OpenAI Founders Warn AI ‘Superintelligence’ is Like Nuclear Power

In a rare letter, Sam Altman, Greg Brockman and Ilya Sutskever outline the ‘special treatment’ needed to curb its powers

4 Min Read

At a Glance

  • In a rare letter, OpenAI's top executives jointly warned about a coming 'superintelligence' they liken to nuclear power.
  • This 'superintelligence' might wipe out humanity and needs special treatment and global coordination.
  • They suggest creating an agency like the International Atomic Energy Agency to oversee AI and let the global public weigh in.

In a rare letter, top executives of ChatGPT-maker OpenAI jointly penned a warning about a coming “superintelligence” they compare to nuclear energy, and suggested outside-the-box ways to curb its power – before it is too late.

“Given the picture as we see it now, it’s conceivable that within the next 10 years, AI systems will exceed expert skill level in most domains,” wrote CEO Sam Altman, President Greg Brockman and Chief Scientist Ilya Sutskever, who are also the co-founders.

This “superintelligence will be more powerful than other technologies humanity has had to contend with in the past,” they said. “Given the possibility of existential risk, we can’t just be reactive.”

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While AI pioneers such as Geoffrey Hinton and Stuart Russell have warned against the serious threat AI poses to society, OpenAI’s co-founders should know more than anyone how much of an actual threat it is since they developed the branch of AI that is giving rise to these questions.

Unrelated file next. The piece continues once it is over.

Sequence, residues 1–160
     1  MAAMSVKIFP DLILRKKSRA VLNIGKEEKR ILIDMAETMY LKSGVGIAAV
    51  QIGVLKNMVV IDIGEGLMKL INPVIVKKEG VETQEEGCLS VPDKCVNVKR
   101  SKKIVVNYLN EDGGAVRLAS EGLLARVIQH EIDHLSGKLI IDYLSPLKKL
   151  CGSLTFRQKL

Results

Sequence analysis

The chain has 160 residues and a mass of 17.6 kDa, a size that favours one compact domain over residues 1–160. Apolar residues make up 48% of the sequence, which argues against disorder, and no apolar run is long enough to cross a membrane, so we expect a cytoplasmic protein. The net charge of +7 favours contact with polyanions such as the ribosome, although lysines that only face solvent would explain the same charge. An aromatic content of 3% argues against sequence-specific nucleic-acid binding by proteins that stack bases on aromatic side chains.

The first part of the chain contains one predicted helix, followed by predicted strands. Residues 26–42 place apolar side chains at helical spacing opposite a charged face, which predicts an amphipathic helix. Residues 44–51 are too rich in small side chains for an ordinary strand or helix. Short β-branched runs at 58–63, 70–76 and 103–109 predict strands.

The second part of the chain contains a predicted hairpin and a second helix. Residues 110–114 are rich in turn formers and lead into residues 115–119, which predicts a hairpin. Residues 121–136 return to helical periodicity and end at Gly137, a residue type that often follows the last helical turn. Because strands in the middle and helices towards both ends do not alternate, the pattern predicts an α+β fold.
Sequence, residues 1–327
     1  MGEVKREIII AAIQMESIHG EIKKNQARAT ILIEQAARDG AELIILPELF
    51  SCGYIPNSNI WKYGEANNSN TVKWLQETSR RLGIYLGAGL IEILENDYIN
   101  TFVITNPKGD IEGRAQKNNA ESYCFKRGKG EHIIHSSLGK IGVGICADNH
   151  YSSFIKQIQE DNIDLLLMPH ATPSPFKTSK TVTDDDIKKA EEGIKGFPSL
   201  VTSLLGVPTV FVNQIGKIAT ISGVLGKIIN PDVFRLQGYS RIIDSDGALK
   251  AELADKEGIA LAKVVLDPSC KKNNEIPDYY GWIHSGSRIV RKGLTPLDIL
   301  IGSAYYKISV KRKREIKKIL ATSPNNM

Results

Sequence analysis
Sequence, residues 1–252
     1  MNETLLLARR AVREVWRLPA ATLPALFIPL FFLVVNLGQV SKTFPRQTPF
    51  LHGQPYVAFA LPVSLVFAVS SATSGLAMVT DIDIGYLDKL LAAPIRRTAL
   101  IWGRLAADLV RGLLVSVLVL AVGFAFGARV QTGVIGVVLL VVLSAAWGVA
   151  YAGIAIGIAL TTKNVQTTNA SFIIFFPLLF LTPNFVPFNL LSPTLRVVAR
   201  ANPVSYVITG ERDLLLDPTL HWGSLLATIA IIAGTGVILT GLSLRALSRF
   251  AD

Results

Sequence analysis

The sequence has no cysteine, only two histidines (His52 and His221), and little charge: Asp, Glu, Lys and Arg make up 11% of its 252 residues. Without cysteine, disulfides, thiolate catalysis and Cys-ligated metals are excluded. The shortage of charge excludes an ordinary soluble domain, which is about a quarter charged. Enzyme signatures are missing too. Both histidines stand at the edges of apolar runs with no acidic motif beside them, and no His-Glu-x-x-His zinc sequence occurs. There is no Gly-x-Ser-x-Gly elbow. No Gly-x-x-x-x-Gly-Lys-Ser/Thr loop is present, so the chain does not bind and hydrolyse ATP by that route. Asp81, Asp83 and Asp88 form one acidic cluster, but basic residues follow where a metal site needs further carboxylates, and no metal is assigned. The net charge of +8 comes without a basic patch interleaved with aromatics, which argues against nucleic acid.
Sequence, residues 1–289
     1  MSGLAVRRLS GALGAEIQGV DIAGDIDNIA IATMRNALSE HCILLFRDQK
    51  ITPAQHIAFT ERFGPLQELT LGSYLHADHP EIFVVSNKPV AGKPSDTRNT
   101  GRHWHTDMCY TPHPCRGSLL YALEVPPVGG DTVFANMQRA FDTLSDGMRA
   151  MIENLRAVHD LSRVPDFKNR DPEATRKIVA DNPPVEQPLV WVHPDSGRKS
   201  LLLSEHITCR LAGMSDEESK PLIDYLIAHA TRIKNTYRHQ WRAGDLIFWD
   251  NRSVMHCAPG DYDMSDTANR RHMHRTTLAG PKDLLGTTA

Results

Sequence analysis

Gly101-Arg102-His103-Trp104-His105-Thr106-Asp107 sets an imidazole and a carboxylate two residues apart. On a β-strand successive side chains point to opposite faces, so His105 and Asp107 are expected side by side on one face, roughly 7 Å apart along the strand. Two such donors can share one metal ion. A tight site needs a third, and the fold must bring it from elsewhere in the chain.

The advent of the GPT-4 large language model, in particular, sparked fears in the AI community, resulting in an open letter calling for a 6-month hiatus in developing powerful AI systems.

With its 170 trillion parameters, GPT-4 is much more powerful than its predecessors (GPT-3 has 175 billion parameters.) GPT-4 is much better at understanding natural language and is highly versatile. Microsoft researchers say it can even reason.

Related:OpenAI CEO's Proposals for AI Regulation

“We can have a dramatically more prosperous future, but we have to manage risk to get there,” OpenAI’s co-founders wrote.

Out-of-the-box solutions

The authors believe that this superintelligence needs “special treatment and coordination” to curb its powers, hinting that it is too dangerous and too smart to be reined in properly through conventional regulatory methods.

They propose the following paths:

1. Global coordination of AI development

Major governments around the world can set up a ‘project’ that current AI efforts could join, or the AI community could agree to limit the growth pace per year of AI at the frontier. Companies would be held to an “extremely high standard” of acting responsibly.

2. Create an IAEA-like agency to manage advanced AI

The International Atomic Energy Agency was created to manage the safe use of nuclear power, after scientists called for a global regime to rein in the technology to avoid a future nuclear war.

OpenAI's co-founders called for an IAEA-like agency to rein in this coming superintelligence – technically called artificial general intelligence – because it poses the same existential threat to humanity as nuclear war.